Signaling? Stardandizing it? For what purpose exactly?[If you are new around here, then you should know I’ve been writing about WebRTC lately. You can skim through the WebRTC post series or just read what WebRTC is all about.]
I used to work in the signaling business. Developing protocol stacks, marketing them – explaining their value to customers. That need to follow a certain spec. To implement a well-known set of features. To follow industry use cases.
Those days are long gone.
You can look at 2013 as the year signaling died.
It was a slow death, so there’s no exact date, but I think we’re there.
The notions of interconnectivity, federation and interoperability were used to be important. They were laws of nature. Things you just had to have in a VoIP product. And now? They are tools to be used when needed, and they are either needed by the architects, to tap a specific ecosystems of products and developers or by business people, deciding how to wield them in the battlefield.
The decision not to add signaling to WebRTC might have been an innocent one – I can envision engineers sitting around a table in a Google facility some two years ago, having an interesting conversation:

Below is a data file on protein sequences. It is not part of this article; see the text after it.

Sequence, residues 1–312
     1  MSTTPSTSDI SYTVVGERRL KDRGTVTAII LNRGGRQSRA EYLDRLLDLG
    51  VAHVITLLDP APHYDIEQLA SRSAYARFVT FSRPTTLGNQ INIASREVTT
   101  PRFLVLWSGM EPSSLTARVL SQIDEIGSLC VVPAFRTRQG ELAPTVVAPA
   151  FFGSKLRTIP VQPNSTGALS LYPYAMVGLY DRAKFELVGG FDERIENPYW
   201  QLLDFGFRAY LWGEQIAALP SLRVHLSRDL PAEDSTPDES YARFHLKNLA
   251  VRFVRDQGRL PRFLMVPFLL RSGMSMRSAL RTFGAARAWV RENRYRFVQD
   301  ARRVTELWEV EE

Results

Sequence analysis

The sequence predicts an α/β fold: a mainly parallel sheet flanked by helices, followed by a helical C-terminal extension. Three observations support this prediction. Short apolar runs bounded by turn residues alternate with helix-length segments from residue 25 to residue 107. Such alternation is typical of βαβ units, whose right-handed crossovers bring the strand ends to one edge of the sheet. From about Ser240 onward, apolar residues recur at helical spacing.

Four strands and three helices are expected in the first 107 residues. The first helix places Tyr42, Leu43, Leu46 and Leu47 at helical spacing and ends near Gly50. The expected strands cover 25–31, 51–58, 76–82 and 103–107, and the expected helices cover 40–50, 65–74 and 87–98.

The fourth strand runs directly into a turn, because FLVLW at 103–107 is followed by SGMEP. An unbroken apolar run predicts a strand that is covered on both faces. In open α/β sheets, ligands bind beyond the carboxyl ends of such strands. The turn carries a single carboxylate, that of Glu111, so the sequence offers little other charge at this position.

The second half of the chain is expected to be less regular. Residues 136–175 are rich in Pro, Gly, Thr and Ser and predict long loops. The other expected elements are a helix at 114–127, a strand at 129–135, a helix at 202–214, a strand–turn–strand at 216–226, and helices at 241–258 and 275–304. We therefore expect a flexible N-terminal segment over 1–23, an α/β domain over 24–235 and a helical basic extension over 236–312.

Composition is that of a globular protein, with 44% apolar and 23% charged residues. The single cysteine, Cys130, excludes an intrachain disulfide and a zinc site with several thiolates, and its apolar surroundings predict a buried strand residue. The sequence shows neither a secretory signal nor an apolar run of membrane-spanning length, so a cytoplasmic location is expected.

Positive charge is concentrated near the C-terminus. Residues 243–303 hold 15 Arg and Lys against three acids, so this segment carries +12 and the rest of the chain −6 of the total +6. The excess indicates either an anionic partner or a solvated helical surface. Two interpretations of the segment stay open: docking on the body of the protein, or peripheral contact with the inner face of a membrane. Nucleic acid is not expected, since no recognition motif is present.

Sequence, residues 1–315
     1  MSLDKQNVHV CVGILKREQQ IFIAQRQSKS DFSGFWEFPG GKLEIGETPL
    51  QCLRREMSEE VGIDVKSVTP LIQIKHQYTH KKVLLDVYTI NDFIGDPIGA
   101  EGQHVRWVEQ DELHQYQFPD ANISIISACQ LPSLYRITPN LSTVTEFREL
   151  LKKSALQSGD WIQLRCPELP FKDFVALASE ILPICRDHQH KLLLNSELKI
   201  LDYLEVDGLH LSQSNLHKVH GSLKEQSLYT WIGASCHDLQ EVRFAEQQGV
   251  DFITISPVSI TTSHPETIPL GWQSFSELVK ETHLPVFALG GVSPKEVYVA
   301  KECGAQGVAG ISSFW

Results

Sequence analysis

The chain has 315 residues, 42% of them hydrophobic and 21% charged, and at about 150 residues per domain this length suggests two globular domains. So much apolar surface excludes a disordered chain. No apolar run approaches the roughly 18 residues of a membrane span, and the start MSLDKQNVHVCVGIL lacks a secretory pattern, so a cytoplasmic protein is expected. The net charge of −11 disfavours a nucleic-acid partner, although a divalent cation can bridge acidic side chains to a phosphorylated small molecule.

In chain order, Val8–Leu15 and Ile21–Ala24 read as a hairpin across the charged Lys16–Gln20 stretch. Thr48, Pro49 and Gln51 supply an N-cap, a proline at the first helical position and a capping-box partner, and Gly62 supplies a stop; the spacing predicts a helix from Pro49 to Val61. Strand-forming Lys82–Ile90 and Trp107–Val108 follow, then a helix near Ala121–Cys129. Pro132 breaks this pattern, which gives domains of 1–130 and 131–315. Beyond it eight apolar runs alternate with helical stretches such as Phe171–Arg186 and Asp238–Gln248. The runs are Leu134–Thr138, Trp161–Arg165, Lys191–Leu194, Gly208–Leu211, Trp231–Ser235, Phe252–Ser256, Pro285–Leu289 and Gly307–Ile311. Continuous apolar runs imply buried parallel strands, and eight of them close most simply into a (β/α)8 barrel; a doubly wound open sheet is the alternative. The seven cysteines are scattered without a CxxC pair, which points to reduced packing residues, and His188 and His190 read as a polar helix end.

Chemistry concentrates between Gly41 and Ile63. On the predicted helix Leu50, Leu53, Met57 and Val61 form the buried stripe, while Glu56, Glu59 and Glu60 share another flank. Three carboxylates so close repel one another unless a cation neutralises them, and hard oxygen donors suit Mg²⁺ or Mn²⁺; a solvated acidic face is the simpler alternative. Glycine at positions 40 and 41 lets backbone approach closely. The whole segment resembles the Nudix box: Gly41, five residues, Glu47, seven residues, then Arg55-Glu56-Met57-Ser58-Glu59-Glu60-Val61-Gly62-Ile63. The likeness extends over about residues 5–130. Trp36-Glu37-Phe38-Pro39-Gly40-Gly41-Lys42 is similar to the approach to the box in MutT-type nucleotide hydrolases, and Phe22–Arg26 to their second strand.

“Guys, let’s add SIP to what we’re doing with WebRTC”
“But we don’t have anything we developed. We will need to use some of that open source stuff”
“And besides – why not pack XMPP with it? Our own GTalk uses XMPP”
“Go for it. Let’s do XMPP. We’ve got that libjingle lying around here somewhere”
“Never did like it, and there are other XMPP libraries floating around – you remember the one we used for that project back in the day? It is way better than libjingle”
And here we are, sometime later, debating why did they not include signaling – it can be as simple as realities of meeting a deadline, a decision not to decide, or not to fight another religious battle about which protocol to use – or it could have been a guided decision.
It was one of many similar decisions that have been taking place lately.
A few other notable decisions that are killing signaling?
- Apple, selecting SIP for FaceTime; and then including their own proprietary push notifications, not standardizing it, and locking the service down
- The rise of WhatsApp, Line, iMessage and a slew of other IM apps – all with no notion of what exact signaling protocol they use (the fact that I don’t know or care…)
- Tango? Viber? Do they use a proprietary solution or a standardized one? Would that make a real business difference to them?
- Skype… which is now got its connectivity to Lync. Skype – proprietary. Lync – “SIP”ish in nature
- And last, but not least, Google dropping XMPP support from their Hangouts service
Notice a pattern?
Signaling is now a commodity. Something you use as needed. It also means that islands are now the norm for communication services, and openness on the protocol level is the exception.